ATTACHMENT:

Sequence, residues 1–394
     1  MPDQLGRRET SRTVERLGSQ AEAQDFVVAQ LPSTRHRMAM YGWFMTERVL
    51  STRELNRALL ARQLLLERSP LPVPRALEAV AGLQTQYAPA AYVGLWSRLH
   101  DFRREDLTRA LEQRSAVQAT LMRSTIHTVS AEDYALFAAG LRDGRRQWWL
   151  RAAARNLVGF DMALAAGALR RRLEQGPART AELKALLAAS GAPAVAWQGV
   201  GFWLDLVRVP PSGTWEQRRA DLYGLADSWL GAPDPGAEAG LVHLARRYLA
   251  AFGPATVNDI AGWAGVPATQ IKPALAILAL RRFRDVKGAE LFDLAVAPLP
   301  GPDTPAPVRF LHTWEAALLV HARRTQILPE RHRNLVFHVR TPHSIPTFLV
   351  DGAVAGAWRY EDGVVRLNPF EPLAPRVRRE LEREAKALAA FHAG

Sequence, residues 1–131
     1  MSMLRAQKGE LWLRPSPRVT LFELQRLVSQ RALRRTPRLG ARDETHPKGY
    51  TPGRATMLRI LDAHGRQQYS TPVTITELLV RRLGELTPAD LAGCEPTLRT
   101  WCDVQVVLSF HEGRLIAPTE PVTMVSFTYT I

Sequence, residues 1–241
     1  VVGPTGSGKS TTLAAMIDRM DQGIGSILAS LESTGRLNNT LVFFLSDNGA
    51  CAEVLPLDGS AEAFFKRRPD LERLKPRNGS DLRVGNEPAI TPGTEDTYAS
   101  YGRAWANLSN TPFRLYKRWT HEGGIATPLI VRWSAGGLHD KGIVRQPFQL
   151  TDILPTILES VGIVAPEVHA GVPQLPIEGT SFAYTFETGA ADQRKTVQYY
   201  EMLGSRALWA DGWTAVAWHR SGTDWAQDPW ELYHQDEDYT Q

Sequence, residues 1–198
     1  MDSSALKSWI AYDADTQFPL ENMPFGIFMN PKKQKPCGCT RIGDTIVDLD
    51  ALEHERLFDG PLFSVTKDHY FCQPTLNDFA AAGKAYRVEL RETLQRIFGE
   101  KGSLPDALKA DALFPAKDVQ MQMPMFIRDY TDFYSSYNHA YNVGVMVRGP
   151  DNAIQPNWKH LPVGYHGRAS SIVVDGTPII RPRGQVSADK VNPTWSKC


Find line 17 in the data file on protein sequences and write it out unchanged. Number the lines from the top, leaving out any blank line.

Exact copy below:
   101  YGRAWANLSN TPFRLYKRWT HEGGIATPLI VRWSAGGLHD KGIVRQPFQL